Oak Ridge hit by cyber attack
An advanced persistent threat cyber attack forced Oak Ridge National Laboratory to shut down all Internet access and email systems.
An advanced persistent threat cyber attack forced Oak Ridge National Laboratory (ORNL) to shut down all Internet access and email systems over the weekend.
Those restrictions will remain until lab officials and others investigating the attack are sure everything is back to normal, said ORNL Director Thom Mason early this week.
Mason said he expects email functions may come back online on a limited basis, with no attachments allowed and restrictions on length.
“We made the decision (around midnight Friday last week) to close down the connection to the Internet to make sure there was no data exfiltrated from the lab while we got the system cleaned up,” he said.
The lab’s cyber specialists had been monitoring the attack and recommended further action after it looked like efforts were under way to remove data from ORNL systems, Mason said.
Mason said the APT threat at ORNL is similar to attacks in recent times on Google, security company RSA, and other government institutions and corporations.
“In this case, it was initiated with phishing email, which led to the download of some software that took advantage of a ‘zero day exploit,’ a vulnerability for which there is no patch yet issued,” he said. The vulnerability involved Internet Explorer, he said.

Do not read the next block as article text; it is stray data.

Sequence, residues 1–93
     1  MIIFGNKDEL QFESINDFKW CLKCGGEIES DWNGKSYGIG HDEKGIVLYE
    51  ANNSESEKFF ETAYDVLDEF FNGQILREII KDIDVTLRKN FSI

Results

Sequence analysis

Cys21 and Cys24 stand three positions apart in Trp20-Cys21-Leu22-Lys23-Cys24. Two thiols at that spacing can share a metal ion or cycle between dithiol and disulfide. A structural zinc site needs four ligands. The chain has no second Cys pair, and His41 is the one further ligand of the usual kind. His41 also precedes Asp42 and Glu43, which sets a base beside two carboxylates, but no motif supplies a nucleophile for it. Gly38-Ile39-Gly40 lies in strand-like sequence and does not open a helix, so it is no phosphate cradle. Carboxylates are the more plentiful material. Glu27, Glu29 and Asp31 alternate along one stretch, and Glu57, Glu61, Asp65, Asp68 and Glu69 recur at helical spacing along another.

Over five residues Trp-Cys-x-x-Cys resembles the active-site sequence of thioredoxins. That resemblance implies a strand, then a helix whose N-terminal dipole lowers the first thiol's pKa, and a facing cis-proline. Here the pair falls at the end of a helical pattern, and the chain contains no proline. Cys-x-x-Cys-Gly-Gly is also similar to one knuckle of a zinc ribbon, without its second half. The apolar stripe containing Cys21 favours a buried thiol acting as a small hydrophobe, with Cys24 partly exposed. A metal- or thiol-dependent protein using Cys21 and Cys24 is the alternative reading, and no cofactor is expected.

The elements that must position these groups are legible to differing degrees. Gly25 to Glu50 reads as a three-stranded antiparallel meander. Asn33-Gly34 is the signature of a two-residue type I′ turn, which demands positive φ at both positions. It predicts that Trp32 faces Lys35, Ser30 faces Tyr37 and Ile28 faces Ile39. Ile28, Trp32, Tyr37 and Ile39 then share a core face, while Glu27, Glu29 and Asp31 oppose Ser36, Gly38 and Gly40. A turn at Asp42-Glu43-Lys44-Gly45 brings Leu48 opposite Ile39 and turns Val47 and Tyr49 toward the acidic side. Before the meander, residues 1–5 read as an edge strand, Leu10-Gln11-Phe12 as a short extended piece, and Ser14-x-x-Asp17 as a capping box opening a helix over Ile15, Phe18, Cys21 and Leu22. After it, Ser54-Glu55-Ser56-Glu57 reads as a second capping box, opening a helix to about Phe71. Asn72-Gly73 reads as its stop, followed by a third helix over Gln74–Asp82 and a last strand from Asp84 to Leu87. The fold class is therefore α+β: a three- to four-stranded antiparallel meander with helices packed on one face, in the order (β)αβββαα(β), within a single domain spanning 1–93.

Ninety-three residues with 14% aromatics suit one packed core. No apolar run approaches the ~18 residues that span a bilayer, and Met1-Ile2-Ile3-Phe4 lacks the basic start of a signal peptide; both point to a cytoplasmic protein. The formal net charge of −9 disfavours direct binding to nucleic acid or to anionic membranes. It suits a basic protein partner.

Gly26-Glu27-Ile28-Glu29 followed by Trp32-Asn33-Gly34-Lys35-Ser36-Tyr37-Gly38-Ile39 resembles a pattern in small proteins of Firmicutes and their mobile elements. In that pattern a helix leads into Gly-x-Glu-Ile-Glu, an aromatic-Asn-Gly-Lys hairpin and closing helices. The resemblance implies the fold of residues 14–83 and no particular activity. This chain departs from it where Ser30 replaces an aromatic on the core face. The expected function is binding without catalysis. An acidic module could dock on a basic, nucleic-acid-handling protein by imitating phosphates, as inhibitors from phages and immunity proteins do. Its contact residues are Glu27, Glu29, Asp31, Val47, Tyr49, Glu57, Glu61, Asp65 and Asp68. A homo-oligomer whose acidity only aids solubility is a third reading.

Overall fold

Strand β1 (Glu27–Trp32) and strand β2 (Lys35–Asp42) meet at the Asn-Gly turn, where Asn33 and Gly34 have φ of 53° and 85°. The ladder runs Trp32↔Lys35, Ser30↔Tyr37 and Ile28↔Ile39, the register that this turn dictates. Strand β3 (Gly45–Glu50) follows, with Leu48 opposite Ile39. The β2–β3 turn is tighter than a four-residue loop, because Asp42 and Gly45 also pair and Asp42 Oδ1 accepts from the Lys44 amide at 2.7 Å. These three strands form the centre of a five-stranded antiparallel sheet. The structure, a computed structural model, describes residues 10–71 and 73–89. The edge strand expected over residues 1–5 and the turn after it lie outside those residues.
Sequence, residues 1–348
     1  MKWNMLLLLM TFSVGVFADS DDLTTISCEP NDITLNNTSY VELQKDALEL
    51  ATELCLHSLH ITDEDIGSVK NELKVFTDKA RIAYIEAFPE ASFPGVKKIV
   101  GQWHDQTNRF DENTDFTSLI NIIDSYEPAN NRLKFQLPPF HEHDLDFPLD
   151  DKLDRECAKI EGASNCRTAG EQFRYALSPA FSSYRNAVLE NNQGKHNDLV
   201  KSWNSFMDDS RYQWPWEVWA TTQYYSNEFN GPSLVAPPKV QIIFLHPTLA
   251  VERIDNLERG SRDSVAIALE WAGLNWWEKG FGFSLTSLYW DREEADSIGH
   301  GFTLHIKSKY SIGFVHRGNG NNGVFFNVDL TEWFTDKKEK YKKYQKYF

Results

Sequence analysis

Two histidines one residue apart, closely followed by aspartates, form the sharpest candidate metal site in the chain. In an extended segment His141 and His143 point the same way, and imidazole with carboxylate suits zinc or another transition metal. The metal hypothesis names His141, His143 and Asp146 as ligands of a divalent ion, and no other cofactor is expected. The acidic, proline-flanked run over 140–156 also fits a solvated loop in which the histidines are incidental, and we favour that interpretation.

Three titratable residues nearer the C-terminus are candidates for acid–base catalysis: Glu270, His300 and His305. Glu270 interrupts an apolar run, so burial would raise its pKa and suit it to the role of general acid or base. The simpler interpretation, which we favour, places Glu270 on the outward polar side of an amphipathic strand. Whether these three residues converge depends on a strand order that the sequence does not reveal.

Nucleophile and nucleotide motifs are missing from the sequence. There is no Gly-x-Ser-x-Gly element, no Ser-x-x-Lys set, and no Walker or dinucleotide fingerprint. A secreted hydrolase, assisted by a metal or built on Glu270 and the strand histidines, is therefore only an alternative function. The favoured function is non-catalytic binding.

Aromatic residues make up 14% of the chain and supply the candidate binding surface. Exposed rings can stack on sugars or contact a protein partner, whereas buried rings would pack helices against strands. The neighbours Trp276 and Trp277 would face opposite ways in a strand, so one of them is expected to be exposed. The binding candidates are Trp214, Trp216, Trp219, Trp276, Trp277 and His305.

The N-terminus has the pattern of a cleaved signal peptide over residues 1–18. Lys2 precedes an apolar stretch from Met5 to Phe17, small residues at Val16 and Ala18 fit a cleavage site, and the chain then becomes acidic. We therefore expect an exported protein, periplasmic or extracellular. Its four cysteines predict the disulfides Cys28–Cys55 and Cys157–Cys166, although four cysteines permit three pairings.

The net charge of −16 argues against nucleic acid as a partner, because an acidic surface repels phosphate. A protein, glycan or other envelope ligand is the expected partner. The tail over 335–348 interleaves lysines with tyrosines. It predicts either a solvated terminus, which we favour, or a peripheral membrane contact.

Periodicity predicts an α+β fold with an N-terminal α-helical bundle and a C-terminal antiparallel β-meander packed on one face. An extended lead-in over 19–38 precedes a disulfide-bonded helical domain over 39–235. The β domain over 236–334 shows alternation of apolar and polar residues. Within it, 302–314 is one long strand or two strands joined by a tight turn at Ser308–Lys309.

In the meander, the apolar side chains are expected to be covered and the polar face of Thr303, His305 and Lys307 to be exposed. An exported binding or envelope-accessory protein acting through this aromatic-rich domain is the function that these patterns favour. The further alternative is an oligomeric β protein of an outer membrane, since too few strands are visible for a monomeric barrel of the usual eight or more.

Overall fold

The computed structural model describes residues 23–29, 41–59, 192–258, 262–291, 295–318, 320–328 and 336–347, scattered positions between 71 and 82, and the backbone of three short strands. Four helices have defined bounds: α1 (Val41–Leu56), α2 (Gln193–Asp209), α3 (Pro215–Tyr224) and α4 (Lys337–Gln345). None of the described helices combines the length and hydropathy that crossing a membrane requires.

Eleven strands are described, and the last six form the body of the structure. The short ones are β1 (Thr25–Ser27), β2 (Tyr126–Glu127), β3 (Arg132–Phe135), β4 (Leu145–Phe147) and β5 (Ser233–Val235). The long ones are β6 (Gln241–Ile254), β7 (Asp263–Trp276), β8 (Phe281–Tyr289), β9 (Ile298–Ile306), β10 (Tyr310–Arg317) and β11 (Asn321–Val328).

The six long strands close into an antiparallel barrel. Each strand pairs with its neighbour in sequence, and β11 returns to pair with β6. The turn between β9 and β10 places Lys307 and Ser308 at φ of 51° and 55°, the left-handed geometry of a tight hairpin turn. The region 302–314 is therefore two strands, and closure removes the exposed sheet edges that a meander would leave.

Mason said the lab has not, to this point, detected any large-scale exfiltration of data, and the decision to shut down Internet access was to prevent any information to exit the building or to eliminate anything similar to a 2007 cyber attack at ORNL in which thieves stole large amounts of data. Following that event, the lab sent 12,000 letters to former lab visitors, informing them a thief may have stolen their Social Security numbers (although there were no subsequent reports of identity thefts or major problems).
Mason said they confiscated and quarantined some computers. He also confirmed the phishing email messages came in looking as though they were from the lab’s human resource department.
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